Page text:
By: Eden Chipperfield, News Writer
On October 11, The Peak attended the Simon Fraser Student Society (SFSS) bi-weekly Council meeting. The agenda included a discussion on the SFSS response to the TSSU strike. This article was written prior to TSSU reaching a tentative agreement with SFU.
SFSS response to TSSU strikes
The Council held an in-camera meeting where councillors and executive members discussed the TSSU strike and the SFSS response regarding the matter. The Peak could not attend this part of the meeting as in-camera meetings do not include media or guests.
After the in-camera meeting, the group rejoined the conversation. A motion was proposed for the SFSS to release a statement in support of the TSSU and the tuition refunds undergraduate students have been calling for. An undergraduate student, Kanksha, voiced their concerns with the SFSS’s lack of support and response toward the TSSU strike. “The biggest thing that’s been happening on campus, and SFSS seems not to have taken any stance or provided any guidance to students,” said Kanksha directly to Council. “We’ve been on strike since June.”
Council informed Kanksha, and the rest of the attendees, that in the matter of releasing support letters, there are legal procedures to consider as well as bureaucratic processes. They also thanked undergraduate students for attending the bi-weekly meeting.
History councillor, Emilio De Silvia, responded, “I will not allow our Council to be bullied to go and push this. I want it to go and be done in a way that protects all of us from any legal implications. And I want us to go and ensure we do our due diligence on this.” Further, De Silvia said they wanted to avoid putting responsibility on vice-president external Nancy Brar entirely, because Brar deserved support. The role of vice-president external and community affairs includes liaising with student societies and organizations such as TSSU on behalf of the SFSS.
The chat box on Zoom was instantly lit up as Kanksha disavowed being called a bully for standing up for TSSU. “Do not thank us, undergrads, for coming to this meeting if you will also call us bullies!” wrote Kanksha. “If raising our concerns is labelled as bullying, I do not feel represented at all.”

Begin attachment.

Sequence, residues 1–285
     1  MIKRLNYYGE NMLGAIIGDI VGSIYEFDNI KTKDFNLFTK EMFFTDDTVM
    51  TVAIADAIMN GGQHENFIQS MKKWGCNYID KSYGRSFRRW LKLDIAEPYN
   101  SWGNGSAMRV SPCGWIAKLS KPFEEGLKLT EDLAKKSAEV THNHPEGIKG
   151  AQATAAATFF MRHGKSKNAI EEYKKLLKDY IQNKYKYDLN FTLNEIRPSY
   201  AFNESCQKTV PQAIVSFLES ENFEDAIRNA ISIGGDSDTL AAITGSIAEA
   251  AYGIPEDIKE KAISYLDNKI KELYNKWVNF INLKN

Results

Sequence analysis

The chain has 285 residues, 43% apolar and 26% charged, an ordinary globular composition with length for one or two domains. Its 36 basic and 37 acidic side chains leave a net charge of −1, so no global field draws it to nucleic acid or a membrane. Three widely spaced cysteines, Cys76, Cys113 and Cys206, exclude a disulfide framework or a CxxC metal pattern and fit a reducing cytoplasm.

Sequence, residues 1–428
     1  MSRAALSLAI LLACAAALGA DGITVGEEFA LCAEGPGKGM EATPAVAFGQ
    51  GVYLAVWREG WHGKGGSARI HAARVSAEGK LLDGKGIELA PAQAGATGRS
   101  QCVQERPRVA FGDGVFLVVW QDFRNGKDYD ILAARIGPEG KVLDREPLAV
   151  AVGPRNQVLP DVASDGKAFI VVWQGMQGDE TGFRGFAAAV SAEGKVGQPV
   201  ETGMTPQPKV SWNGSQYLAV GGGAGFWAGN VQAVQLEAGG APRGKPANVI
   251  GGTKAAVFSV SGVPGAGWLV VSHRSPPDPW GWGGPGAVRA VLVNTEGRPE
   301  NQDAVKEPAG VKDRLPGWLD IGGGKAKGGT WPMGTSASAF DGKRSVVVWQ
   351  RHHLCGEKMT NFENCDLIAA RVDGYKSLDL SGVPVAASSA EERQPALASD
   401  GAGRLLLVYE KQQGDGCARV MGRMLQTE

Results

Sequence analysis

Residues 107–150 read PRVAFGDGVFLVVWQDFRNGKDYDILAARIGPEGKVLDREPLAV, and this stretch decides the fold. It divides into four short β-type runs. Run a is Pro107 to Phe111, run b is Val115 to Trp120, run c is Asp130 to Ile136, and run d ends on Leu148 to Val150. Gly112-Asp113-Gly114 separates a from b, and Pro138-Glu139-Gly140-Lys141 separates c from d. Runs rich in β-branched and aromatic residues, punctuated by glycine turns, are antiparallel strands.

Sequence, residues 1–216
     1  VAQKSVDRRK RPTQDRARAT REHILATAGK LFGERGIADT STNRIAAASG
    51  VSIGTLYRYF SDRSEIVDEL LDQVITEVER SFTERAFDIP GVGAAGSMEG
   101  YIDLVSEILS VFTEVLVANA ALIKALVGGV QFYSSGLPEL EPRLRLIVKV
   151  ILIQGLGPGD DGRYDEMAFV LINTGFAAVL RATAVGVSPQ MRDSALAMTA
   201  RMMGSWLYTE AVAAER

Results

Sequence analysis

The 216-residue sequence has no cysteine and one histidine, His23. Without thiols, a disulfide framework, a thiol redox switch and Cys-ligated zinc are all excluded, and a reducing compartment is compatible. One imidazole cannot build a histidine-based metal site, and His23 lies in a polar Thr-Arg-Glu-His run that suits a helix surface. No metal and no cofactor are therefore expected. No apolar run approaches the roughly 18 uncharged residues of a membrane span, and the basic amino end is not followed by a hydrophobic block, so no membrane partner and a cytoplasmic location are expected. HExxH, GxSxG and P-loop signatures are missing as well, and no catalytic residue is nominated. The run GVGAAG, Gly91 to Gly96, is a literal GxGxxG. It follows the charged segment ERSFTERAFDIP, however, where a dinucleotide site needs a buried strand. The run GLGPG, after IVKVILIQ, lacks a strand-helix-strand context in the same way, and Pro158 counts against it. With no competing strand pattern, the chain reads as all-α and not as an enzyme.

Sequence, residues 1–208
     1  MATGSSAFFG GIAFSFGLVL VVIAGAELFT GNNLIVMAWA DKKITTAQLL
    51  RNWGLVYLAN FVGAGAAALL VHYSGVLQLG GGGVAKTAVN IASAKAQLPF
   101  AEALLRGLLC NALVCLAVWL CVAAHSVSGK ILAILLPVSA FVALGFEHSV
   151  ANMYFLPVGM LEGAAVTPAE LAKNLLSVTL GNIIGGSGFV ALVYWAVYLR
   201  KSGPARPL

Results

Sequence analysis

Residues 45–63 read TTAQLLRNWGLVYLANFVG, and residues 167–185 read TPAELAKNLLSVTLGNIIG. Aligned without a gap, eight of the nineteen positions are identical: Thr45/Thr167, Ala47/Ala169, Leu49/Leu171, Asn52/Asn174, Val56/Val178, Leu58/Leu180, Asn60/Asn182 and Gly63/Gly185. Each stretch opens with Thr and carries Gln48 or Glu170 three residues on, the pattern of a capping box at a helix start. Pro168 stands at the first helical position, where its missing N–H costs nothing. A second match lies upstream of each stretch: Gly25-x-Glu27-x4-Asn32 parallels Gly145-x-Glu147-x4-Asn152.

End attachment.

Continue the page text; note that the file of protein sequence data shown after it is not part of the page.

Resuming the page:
TSSU representative councillor, Pranjali Mann, argued the SFSS is responsible to the students they represent, and their silence is concerning. Mann expressed, “The part of the concern that I have is that [TSSU strike] is being shifted off our priority for too long. This is the conversation that I have been having since July, August, September, and now it’s October.”
Marwan Saleh, who stepped in for Council representative for the psychology student union, added: “I would like to highlight the fact that considering that the TSSU has been on strike for months and SFSS has not considered to essentially make a statement in any shape or form and consider the fact of how undergraduate students feel — particularly marginalized students that are international students, or exchange students who are being harmed by the strike action.”
Indigenous studies student union councillor, Evan Accettola, agreed with this sentiment, addressing the undergraduates who had joined the meeting: “I just wanted to thank all the concerned students that came. I agree that this issue has been put off for too long. I think that’s 100% correct. But, also, because of how the Council is designed, we have to follow the process to ensure all councillors approve it. So, I really do think this is done as fast as possible. Your guys’ passion for this is awesome, and seeing that in students is great.”
President Liam Feng closed off the conversation and began adjourning the evening meeting. They had planned to revisit the topic of SFSS’s response to the strike in two weeks at the next bi-weekly meeting. They also considered calling an extraordinary meeting to discuss the matter sooner. However, before the SFSS came to an agreement, the TSSU reached a tentative agreement with the school.